13th — As theatrical follow-up to her heralded Selma, the advocate/auteur has gathered historians, politicians, authors, and advocates to trace our current epidemic of mass incarceration and institutional prejudice with the judicial system back to the days following the Civil War. The constitutional Amendment for which the doc is named declares that in America, no one shall be subjected to slave labor. But there’s a big loophole that leaves convicted criminals out of that promise. The 13th proposes mass incarceration is a sly form of modern enslavement. Fearlessly, DuVernay digs back into a history written in blood and teargas, reaching into corners of the American experience that white America has the luxury to avert our tender eyes from.

Audrie and Daisy — In 2012, two teenage girls— Daisy Coleman of Maryville, Missouri and Audrie Pott of Saratoga, California— were both sexually assaulted. Coleman, then 14, was raped by the son of a former state representative, while Pott was raped by three boys at a party. Coleman’s rapist was eventually convicted of endangerment of the welfare of a child (a misdemeanor), since he left her passed out in the snow in her front yard, and was sentenced to probation. Pott became the target of widespread harassment online and at school, and committed suicide later that year. This is that story, and while watching the documentary may not change anything, the very least we can do is choose not to turn away.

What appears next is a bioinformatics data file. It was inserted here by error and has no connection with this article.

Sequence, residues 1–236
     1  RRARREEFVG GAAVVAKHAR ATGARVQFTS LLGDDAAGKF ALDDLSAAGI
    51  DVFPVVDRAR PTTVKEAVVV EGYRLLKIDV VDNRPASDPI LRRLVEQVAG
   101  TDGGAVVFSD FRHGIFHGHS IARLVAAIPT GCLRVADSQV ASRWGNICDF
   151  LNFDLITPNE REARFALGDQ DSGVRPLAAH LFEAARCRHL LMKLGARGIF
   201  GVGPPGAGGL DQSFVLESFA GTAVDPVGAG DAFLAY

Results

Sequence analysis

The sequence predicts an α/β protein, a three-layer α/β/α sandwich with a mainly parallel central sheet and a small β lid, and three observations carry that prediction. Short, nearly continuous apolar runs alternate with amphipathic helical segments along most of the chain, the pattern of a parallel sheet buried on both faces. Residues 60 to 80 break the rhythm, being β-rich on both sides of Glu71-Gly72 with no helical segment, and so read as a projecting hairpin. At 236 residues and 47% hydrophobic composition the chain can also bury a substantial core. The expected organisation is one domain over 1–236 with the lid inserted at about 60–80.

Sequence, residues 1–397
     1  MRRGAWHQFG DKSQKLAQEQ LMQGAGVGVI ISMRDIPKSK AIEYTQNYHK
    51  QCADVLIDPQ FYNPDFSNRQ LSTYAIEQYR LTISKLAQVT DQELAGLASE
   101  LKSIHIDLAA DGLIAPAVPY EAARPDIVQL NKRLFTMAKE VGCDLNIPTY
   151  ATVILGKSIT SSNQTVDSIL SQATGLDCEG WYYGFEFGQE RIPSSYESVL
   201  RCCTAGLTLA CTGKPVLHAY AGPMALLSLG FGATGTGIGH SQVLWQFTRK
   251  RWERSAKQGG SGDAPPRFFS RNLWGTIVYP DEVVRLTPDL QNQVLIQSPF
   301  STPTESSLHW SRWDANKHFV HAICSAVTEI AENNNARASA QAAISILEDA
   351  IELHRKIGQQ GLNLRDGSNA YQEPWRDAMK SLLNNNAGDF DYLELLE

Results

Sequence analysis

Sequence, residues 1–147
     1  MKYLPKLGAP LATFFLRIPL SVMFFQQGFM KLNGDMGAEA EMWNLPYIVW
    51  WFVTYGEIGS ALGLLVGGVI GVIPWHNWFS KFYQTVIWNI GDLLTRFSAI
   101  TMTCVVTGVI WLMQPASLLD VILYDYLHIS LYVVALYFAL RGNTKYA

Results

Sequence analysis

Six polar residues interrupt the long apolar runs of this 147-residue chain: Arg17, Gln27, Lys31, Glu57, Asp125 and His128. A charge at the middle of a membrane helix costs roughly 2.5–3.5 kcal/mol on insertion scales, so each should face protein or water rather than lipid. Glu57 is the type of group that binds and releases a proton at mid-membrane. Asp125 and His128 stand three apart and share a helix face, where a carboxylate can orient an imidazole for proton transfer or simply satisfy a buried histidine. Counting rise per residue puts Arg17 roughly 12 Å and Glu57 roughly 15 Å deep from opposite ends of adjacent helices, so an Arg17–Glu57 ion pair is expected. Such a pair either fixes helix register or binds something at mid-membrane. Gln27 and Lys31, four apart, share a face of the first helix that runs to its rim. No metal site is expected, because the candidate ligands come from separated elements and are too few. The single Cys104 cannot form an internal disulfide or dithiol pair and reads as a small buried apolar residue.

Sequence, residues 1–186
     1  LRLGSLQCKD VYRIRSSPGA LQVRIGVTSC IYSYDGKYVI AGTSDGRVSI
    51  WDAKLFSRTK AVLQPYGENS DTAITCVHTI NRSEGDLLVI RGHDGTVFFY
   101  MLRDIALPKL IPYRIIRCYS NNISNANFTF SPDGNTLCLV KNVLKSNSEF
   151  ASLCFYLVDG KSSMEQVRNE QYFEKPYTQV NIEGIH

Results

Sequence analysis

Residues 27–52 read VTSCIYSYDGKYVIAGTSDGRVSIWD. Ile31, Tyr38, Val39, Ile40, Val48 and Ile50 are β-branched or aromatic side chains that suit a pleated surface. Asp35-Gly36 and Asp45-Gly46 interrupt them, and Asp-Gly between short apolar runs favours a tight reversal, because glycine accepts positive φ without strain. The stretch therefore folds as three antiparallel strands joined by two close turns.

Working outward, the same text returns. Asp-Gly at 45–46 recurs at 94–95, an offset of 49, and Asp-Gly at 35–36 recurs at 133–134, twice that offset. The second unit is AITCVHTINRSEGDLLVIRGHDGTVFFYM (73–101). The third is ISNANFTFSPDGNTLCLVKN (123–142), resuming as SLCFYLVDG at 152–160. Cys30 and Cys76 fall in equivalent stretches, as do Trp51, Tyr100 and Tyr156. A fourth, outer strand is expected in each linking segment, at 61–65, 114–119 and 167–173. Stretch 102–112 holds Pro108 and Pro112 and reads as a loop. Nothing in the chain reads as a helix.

Amanda Knox — The documentary is eye-opening, not exactly in the way that Making a Murderer and Serial were (although, there is some of that, too), but in investigating the influence the media had on the trial. One of the central characters of the documentary, in fact, is Daily Mail journalist Nick Pisa who brags about how he generated the story based, in part, on unverifiable statements. Pisa had no interest in the truth. He was only interested in his own celebrity. It’s a fascinating and maddening documentary, all the more so because my own previous knowledge of the case proves how effective the media can be in creating the narrative, even when that narrative has no basis in reality. Amanda Knox sets the record straight.

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Hush — Currently sporting 100 percent positive critic reviews on Rotten Tomatoes, Hush is a low-budget horror film. There are a few things that make Hush unique, like the deaf-mute protagonist and the story’s conception over a dinner date between the lead actress and the director (Mike Flanagan, Oculus). I’m not going to ruin anything or spoil the movie for those who want to watch it, but if you’re in the mood for a well-acted, less cliche, and somewhat original take on the same old stalker/slasher flick, Hush is for you.

Other PeopleOther People is a semi-autobiographical film from writer/director Chris Kelly, one of the head writers of Saturday Night Live and a writer/consultant on Broad City. Kelly says it’s “semi-autobiographical,” but what makes Other People so exceptional is that it feels genuine instead of a movie where someone’s experiences are molded into a three-act formula. Reality also means capturing some of the banality of living with someone who is dying, and there’s a lot of that here, but even then, Kelly mixes humor with poignancy. It’s a terrific film, and while it may sound heavy and painful, I found it to be a bittersweet but strangely comforting and relatable experience.